By the use of mathematics, it's possible to come up with a description of how the electrons separate using conceptual entities that stays the same regardless of frame. This simplifies the discussion enormously - and simplifies calculations, as well. These conceptual entities, called four-vectors.

However that description involves four-vectors - four-accelerations and four-velocities - which is something you didn't want to hear about as I recall, because it involved math.

The math to describe how ordinary velocities and accelerations transform is more complicated than the math that describes four-velocities and four-accelerations transform, as the later are easier to mainpulate. I'd probably mess up if I tried to do the math for how ordinary velocites transform unless I used the techniques I'm used to, which involve four-vectors. Conceptually it's possible, I suppose, one starts out with how distances and time transform (but that still requires the Lorentz transform, which is math), then one needs to go through more mathematical manipulations paying careful attention to which frame one is in to determine how velocities and accelerations transform. Finally, knowing how velocities and acceleration transform, one can discuss the dynamics, how the forces transform. But the math in this case tends to obscure the physics, because of the complexity of the transformations of ordinary velocities and accelerations as compared to their four-vector counterparts.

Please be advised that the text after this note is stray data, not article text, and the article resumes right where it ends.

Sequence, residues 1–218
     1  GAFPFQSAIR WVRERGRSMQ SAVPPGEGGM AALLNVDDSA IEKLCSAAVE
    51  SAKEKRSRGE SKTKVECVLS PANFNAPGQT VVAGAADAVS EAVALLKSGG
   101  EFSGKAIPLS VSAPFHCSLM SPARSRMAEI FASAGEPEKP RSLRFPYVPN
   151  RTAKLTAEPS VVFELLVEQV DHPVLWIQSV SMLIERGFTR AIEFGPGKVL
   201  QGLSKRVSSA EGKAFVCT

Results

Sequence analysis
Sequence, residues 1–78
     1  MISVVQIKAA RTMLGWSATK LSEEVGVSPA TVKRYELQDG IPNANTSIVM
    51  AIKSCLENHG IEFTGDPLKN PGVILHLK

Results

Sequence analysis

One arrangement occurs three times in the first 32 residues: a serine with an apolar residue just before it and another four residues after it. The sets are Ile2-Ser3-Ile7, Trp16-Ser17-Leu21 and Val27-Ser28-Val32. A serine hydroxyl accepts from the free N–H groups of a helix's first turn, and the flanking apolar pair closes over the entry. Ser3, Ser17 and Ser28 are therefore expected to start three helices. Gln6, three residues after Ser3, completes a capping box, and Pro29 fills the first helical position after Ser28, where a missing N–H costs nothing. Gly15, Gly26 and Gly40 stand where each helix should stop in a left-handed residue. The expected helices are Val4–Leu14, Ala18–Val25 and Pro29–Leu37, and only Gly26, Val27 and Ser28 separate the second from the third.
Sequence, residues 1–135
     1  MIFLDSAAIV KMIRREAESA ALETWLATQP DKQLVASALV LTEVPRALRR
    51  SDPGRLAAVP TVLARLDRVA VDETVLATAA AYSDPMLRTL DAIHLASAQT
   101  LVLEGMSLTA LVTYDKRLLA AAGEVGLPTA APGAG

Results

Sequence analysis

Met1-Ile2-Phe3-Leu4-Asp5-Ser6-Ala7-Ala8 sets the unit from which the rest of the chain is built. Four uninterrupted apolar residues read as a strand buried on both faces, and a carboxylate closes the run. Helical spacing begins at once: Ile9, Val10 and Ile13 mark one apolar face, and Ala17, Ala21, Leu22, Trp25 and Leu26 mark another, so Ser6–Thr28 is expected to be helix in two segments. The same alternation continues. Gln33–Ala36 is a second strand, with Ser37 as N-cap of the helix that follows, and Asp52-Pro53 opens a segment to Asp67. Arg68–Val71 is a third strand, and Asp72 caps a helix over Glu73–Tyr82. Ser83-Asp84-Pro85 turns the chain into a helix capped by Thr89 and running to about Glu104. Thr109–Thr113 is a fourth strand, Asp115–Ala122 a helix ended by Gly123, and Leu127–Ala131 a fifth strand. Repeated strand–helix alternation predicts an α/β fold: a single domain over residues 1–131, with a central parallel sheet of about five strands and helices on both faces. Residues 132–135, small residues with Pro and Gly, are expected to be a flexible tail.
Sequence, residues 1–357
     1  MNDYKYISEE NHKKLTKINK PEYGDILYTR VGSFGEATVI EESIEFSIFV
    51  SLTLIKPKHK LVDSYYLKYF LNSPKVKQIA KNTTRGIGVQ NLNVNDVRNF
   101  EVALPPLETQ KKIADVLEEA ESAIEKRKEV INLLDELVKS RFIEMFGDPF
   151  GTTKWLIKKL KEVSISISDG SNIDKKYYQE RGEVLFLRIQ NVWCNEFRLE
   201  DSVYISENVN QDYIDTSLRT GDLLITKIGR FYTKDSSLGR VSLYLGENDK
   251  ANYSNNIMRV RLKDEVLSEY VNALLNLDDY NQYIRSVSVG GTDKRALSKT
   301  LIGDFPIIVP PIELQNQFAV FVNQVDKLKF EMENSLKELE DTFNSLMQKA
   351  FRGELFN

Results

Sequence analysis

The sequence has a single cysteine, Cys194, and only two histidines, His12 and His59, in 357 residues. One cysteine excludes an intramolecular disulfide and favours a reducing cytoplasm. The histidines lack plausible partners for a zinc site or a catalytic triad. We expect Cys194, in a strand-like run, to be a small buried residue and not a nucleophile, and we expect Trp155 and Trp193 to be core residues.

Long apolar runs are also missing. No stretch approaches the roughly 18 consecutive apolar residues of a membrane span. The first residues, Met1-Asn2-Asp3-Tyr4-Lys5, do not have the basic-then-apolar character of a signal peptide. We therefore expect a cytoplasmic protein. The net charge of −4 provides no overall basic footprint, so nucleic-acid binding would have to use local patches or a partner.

If we assume you still don't have the interest or background to talk about four-vectors, about all we can say is what we've said, which is that in some frames we describe the forces as having electric and magnetic components, and in other frames the magnetic components are zero. The components of the forces change when we change frames.

The simplest analogy I know of involves comparing changing reference frames to rotating maps. If we have a street-map, and we rotate it to crate a new map where north points in a different direction, in some conceptual sense the map is "the same map", even though we rotated it. But the components and the descriptions change. If one building was directly east of another building on the original map, it's no longer east on the new map, because the map has been rotated. The displacement has north-south and east-west components, on one map the north-south displacement is zero, on the other map it is not zero. But both maps describe the same territory.